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Trust-based marketing is a marketing theory based on building consumer relationships through trustworthy dialogue and unbiased information. The concept was originated by Dr. Glen L. Urban, professor and former dean of the MIT Sloan School of Management. Trust-based marketing focuses on customer advocacy techniques that assist consumers in making informed purchase decisions based on comprehensive marketplace options and equitable advice.
The theory contends that being honest and open is the best path to building consumer trust and creating a more loyal customer base. This is said to give customers increased consumer power through Internet access to product information and competitive pricing. Companies therefore can no longer rely on traditional models of "push marketing" in which a product’s positive attributes may mask unsuitable characteristics.
For customers wanting to make an informed decision on a complex decision purchase, trust-based marketing is claimed to provide consumers with unbiased advice. The theory is that in competitive markets, companies need to approach their customers with respect and acknowledge that product and competitor information is easily accessible. Companies that provide consumers with comprehensive product options, including their competitor's, will earn the trust of the consumer even if it does not result in an immediate sale. When impartial and candid information is presented, a consumer's loyalty towards the company increases and greater lifetime profitability per customer will be achieved.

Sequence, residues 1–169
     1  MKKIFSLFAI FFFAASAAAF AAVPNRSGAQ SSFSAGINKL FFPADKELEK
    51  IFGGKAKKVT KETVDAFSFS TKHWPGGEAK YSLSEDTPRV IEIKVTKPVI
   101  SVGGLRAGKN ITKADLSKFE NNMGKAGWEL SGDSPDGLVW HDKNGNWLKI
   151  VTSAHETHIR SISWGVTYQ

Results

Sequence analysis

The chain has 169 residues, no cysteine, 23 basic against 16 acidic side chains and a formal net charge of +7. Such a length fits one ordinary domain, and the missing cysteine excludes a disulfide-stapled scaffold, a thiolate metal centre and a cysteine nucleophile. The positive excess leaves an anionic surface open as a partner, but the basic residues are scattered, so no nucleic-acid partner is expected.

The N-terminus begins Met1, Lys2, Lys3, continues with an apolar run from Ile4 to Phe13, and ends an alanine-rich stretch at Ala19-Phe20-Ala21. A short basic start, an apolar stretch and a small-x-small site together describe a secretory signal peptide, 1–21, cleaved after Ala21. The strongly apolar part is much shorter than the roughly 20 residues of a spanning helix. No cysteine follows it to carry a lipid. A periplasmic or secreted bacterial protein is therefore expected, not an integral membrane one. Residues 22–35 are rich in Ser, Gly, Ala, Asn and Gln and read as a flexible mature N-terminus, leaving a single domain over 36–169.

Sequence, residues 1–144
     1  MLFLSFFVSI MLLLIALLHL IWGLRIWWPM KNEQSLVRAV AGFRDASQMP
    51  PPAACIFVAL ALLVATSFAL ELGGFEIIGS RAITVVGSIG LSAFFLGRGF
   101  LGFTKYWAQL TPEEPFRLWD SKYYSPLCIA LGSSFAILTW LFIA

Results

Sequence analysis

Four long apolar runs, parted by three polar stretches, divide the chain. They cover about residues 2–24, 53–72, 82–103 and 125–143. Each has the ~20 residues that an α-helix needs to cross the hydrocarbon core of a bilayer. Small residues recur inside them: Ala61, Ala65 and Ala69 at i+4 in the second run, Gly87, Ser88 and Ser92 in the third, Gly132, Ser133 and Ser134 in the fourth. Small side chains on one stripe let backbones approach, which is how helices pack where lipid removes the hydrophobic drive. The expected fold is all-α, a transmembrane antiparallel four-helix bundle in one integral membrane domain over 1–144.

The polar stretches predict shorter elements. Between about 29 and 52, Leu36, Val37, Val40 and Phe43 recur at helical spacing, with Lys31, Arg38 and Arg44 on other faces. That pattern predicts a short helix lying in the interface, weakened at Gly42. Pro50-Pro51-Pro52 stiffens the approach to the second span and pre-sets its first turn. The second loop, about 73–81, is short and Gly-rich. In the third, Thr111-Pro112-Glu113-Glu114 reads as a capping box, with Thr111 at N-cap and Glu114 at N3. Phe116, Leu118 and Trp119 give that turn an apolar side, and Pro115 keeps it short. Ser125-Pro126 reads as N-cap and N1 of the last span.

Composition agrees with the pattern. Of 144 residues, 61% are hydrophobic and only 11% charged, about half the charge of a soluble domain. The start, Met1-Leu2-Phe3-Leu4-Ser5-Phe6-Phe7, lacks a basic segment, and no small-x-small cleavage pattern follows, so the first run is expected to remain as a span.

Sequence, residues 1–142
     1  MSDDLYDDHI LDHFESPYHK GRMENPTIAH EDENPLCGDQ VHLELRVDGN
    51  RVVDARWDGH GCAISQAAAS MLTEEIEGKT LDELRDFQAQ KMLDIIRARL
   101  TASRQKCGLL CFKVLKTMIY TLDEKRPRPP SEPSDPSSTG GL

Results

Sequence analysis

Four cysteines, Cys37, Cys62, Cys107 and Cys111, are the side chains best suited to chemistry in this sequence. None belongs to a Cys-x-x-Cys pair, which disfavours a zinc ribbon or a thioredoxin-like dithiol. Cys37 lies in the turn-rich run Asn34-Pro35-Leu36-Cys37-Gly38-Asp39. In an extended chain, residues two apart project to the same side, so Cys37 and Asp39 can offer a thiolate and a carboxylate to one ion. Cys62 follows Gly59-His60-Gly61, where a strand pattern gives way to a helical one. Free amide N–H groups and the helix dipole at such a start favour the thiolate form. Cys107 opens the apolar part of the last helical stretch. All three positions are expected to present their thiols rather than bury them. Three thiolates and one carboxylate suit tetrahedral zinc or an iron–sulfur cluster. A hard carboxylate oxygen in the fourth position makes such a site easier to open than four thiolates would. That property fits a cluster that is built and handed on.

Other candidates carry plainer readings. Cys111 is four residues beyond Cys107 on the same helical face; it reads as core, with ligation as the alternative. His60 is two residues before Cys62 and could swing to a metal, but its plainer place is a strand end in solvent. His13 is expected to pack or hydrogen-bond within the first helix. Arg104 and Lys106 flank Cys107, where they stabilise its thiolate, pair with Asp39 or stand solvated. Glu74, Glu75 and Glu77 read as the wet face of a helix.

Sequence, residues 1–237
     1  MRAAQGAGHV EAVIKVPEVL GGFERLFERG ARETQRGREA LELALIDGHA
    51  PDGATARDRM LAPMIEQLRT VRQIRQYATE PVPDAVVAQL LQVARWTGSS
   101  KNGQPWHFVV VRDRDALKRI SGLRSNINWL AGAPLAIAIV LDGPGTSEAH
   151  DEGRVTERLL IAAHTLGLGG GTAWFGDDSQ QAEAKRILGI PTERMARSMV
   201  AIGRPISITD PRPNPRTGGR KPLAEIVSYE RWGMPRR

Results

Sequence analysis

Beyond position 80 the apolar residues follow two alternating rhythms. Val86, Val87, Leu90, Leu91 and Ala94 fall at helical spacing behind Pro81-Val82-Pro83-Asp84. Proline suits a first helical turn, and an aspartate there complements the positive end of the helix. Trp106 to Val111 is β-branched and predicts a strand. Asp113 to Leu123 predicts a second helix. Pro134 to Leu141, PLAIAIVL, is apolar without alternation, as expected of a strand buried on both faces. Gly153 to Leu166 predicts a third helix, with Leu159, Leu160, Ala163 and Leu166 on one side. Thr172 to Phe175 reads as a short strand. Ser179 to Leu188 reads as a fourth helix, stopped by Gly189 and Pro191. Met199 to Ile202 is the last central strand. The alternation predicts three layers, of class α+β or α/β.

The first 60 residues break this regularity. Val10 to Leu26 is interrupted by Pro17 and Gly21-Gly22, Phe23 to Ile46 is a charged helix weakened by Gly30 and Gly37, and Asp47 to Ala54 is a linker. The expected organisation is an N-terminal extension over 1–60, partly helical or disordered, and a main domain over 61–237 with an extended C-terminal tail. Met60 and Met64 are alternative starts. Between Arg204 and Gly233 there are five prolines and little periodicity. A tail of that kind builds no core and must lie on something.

Urban argues that "Trust-based companies have higher customer retention and more stable revenue streams. The prediction is that trust-based businesses will, in the end, have higher sales volumes and lower marketing costs than companies that survive on push-based marketing strategies."  According to authors Dan Kennedy and Matt Zagula, trust-based marketing is used by Ponzi schemers such as Bernie Madoff, who was successful despite the fact that “[none] could explain exactly what Bernie did with their money or how he consistently generated above-par returns.”
Urban originally tested his hypothesis with a prototype site for General Motors called TruckTown which provided unbiased comparisons of competing truck products. He found that more than 75% of TruckTown visitors said they trusted TruckTown more than the dealer who had sold them their last vehicle. Urban continued to test his theory with projects such as AutoChoiceAdvisor, a website to help car shoppers find the vehicle that best suits their needs) and a Medicare Insurance advisor called PlanPrescriber.